Sunday, July 28, 1996

California: Puppy mill breeder/hoarder Emma Harter, 64, avoids jail by hiding most of her 40 Chihuahuas

CALIFORNIA -- An Acton woman convicted of operating an illegal kennel for about 40 Chihuahuas that share her home avoided jail Friday after complying with a court order to get rid of all but four of her dogs.

Emma Harter, a 64-year-old retired school cafeteria manager, had been ordered by Antelope Municipal Court Judge Howard Swart to remove the dogs after she violated her probation by failing to build a shelter to house the tiny canines rather than keep them in her home.

"It's sad when people can't cooperate with well-meaning and appropriate people with animal control who are just doing their job," said Deputy District Attorney John Evans.

Swart two weeks ago ordered Harter to remove all but four of her dogs or spend a month in jail. Swart ruled that Harter would be allowed to keep three dogs - four if they are spayed and neutered.

Animal Control Officer Jerry White had informed Evans that as of Thursday, Harter still had more than four dogs on her property. White told Evans that he observed 15 dogs outside and heard more dogs inside the home, Evans said.

But Harter appeared in court Friday and said she had only four dogs, Evans said.

She didn't "get rid" of these dogs. She merely moved them somewhere else - probably stuffed them into a hot shed somewhere.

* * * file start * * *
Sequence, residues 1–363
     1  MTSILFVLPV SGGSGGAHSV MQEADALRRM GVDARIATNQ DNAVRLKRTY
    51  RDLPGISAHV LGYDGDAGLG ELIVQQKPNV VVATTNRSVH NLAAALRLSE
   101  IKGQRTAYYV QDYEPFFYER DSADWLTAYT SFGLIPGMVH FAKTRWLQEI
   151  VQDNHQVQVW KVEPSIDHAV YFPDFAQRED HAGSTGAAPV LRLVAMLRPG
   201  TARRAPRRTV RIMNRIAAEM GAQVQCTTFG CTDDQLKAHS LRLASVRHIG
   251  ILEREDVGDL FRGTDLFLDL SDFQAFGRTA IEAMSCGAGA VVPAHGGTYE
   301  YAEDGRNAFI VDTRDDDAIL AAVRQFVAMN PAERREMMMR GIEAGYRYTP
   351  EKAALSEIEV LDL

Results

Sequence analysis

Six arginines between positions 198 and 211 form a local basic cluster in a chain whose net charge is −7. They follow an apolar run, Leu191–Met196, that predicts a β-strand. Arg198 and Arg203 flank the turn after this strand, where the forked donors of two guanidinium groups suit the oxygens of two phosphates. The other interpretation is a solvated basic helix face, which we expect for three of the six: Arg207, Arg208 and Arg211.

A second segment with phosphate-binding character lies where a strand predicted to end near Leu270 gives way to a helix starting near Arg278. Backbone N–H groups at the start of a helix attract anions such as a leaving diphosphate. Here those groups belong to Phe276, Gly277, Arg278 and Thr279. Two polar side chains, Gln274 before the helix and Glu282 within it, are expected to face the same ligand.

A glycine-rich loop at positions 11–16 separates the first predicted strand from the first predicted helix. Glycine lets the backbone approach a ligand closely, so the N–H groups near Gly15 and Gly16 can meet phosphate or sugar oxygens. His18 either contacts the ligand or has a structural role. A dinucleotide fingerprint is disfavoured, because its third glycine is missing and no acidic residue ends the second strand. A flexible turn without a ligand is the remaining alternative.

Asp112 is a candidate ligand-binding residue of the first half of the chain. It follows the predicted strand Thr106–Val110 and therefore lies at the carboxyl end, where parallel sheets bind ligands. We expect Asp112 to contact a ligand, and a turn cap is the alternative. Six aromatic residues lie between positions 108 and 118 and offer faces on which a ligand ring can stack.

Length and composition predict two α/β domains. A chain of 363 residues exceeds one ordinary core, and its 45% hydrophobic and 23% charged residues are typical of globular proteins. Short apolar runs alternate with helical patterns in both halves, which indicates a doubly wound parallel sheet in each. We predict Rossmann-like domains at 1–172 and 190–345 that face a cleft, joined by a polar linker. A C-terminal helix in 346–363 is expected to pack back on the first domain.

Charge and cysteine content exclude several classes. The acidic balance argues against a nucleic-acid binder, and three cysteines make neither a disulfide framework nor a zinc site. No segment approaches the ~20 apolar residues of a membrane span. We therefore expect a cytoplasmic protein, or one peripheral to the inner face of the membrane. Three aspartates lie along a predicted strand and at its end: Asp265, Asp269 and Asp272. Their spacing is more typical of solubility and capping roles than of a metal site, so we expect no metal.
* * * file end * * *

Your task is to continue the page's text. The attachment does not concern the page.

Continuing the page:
Swart warned her that animal control officers can enter her property anytime during the next 2-1/2 years remaining on her three years' probation, and if there are more than four dogs, she will be sent to jail and the dogs will be confiscated, Evans said.

Harter could be not reached Friday for comment.

Harter received a suspended sentence in December of up to 180 days in jail and was ordered by Swart to erect a building. Swart also placed her on probation for three years and ordered her to pay a fine of $1,490 or work 16 days of community service.

In a March hearing, Harter avoided jail when Swart decided to give her more time to erect the shelter.

Harter raised Chihuahuas and sold them for $250 to $1,500.

She contended that the case stemmed from neighbors around her who didn't like her dogs and complained about their barking. Charges were filed in June 1995 after Harter failed to comply with conditions set forth for a kennel license, animal control officials said.

Animal control officers said they had been going once or twice a month to talk with Harter in response to neighbors' complaints about noisy dogs. Neighbors started circulating a petition to protest the barking.

Harter said she began breeding Chihuahuas in 1982 when she was living in Granada Hills, where she got into similar troubles with Los Angeles city animal control officials.

She then moved to Acton in 1992 and obtained a kennel license.

(LA Daily News - July 27, 1996)